2-be independent of employers (Employment Relations Act 2000)
      3-have a set of union rules that comply with both the Incorporated Societies Act 1908 and the Employment Relations Act 2000.

      Which of these requirements that a group must satisfy to undertake collective bargaining do you have a problem with? I’m guessing number 2.

      • The Voice of Reason 3.2.1

        Nick also ignores the fact that many employers already collectively ‘bargain’ with their employees. That is, the whole worksite gets told ‘there’s no rise this year. Back to work!’.

    • Its comments like this that make we wonder if we should return to compulsory unionism. At least under compulsory unionism workers conditions regulary improved. Today workers are being crushed and are losing all the rights and conditions they fought for. It also does away with the slimy bludgers who ride on the backs of financial unionists.

      • KJT 3.3.1

        Basically everyone is riding on the backs of rights and freedoms won by Unions in the past.
        However that is part of NZ history which is ignored.

        A few unions abused their monopoly in the 70’s and were derigistered.
        Many businesses have formed cartels and monopolies, but these are ignored even though they have cost us far more than the unions ever did.

        Employers associations are still allowed however and unions such as the Law Society.

    • Its remarks like this that make me wonder if we should return to compulsory unionism .
      At least under compulsory unionism worker conditions improved on a regular basis. Today worker rights are being lost daily.
      It also stopped the slimy bludgers who rode on the backs of financial union members when a work place improvement /wage increase was won.

    • Bored Academic 3.5

      What monopoly? Any group of workers is perfectly free to approach their boss tomorrow and offer to negotiate a standard form contract applying to all those workers. Of course they can’t strike but any group of workers not in a union is probably not going to anyway.

      Opps I suspect you meant bargain as under the ECA when the employer was able to lock out unorganised workers to cut their conditions-silly me!

  4. Lanthanide 4

    My work, which generally has pretty good leave provisions (birthday leave, community leave, study leave, even case-by-case day in lieu for working on weekends even though we’re salaried) has only 6 days of sick leave per year. We do get to accrue them up to 20, however.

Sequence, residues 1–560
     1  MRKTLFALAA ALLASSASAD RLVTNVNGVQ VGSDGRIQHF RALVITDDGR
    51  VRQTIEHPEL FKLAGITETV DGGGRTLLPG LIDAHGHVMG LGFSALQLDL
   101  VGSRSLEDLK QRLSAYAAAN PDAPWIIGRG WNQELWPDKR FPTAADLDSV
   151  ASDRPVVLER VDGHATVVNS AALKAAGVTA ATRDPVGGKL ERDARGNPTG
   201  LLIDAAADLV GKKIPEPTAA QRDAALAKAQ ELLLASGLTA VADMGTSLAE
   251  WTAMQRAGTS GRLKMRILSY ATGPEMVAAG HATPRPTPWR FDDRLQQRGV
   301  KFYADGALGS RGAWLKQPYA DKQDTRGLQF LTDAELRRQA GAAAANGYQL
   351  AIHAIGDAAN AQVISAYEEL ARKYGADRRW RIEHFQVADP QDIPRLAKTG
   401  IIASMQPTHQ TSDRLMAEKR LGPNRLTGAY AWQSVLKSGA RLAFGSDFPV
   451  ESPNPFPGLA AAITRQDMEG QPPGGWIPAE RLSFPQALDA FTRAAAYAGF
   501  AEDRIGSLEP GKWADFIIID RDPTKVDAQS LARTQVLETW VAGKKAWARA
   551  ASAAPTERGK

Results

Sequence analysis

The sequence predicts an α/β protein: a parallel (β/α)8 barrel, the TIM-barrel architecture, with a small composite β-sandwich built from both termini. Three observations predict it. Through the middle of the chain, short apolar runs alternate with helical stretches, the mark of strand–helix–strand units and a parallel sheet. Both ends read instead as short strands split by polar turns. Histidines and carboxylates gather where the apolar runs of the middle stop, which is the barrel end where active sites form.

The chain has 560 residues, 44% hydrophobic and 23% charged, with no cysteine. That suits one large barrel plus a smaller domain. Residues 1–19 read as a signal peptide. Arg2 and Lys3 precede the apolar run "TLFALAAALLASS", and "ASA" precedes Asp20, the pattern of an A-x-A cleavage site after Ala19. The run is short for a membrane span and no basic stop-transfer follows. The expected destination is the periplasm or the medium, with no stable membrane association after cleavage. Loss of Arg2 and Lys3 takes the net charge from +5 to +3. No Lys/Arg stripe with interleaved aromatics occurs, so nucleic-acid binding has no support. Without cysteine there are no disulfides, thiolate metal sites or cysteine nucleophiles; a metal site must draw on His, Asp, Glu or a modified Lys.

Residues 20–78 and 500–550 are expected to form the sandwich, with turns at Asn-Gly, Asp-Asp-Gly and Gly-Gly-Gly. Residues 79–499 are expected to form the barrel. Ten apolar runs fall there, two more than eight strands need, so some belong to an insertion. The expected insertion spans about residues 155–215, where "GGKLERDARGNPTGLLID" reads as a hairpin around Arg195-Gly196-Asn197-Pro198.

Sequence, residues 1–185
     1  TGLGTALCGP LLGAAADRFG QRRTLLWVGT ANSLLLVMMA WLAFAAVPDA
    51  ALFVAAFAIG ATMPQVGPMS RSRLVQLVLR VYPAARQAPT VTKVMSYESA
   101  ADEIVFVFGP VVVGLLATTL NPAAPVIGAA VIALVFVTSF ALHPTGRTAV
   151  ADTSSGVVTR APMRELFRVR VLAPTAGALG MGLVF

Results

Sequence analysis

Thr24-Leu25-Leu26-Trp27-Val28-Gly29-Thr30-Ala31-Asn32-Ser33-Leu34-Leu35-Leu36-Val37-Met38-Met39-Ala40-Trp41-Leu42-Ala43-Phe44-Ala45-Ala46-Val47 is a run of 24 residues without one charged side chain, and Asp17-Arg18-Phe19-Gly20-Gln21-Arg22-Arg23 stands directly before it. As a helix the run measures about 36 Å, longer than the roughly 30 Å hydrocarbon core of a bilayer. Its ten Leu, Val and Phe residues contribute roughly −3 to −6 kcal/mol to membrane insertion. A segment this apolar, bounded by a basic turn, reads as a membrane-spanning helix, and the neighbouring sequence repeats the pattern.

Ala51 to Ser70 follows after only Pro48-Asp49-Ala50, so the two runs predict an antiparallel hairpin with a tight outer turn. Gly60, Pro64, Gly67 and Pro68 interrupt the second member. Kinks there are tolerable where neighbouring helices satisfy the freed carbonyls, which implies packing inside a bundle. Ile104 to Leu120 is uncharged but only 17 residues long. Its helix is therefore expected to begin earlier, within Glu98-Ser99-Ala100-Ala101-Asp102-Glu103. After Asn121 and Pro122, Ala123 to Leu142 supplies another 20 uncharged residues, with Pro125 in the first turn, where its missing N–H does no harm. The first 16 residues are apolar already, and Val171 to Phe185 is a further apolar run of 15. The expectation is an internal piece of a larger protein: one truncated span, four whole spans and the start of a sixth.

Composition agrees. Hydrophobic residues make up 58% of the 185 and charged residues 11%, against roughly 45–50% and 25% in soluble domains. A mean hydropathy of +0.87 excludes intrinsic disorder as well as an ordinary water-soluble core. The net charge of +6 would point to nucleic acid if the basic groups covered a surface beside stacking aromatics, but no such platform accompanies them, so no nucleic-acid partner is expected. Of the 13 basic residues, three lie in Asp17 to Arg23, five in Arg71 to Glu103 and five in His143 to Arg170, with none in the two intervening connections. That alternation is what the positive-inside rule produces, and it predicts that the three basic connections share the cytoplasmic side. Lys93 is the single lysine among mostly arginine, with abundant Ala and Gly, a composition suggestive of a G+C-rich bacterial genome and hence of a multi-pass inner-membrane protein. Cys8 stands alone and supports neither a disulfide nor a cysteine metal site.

5. Could you correct the first para of your article? The Bill had its first reading last week and submissions are open – deadline is 13 September (gee, thanks) for ERA and 17 September for Holidays Act.

    You can make submissions with the CTU\\\’s help through the fairness.org.nz website: http://fairness.org.nz/onlinesubmissioner

    Holidays Act submission help will also be online shortly.

  6. Teaching has different system based on service and the fact we are surround by dirty/germ infested children 😉

    In my 5 year of teaching and I have 46 sick days (minus some I’ve taken) next year I go up to 92 days. If I keep teaching for 30+ years I will have 306 sick days (minus any taken) but we don’t get them paid out when we leave teaching.

  7. Draco T Bastard 7

    From my asking about it was hard to find an employer who did give as many as 10 days.

    That’s my experience. The norm is 5 days, i.e. the absolute minimum, and it just isn’t enough. Come down with a cold, which can happen multiple times a year, and you should be taking 3 days off. Not swilling drugs and going to work.

  8. Jim Nald 8

    Another week passes and NZ is subjected to yet another shonky Jonkey policy.

  9. Lats 9

    From my asking about it was hard to find an employer who did give as many as 10 days.

    My first full-time job after uni had 10 sick days per year, and we were able to accumulate them. One of my workmates left after 5 years on the job and he had never taken a sick day in that entire time. Strangely he had all 50 sick days payed out when he left. This is par for the course with unused annual leave, but I’ve never since encountered an employer who pays out unused sick leave. I’ve also never since found an employer who offers more than 5 sick days per year, nor one who includes sick leave in the first 6 months. And when you start work in a school you really need sick leave in the first 6 months, you get competely bombarded by every cold and flu going around. Luckily my employer is very understanding in this regard, so even though it isn’t included in my contract they had no issue with me taking a day or two to get better.

    • Lanthanide 9.1

      My aunt in the US pretty much never gets sick nor takes sick leave. Her employers have recognised this by giving her 1 day extra annual leave per year.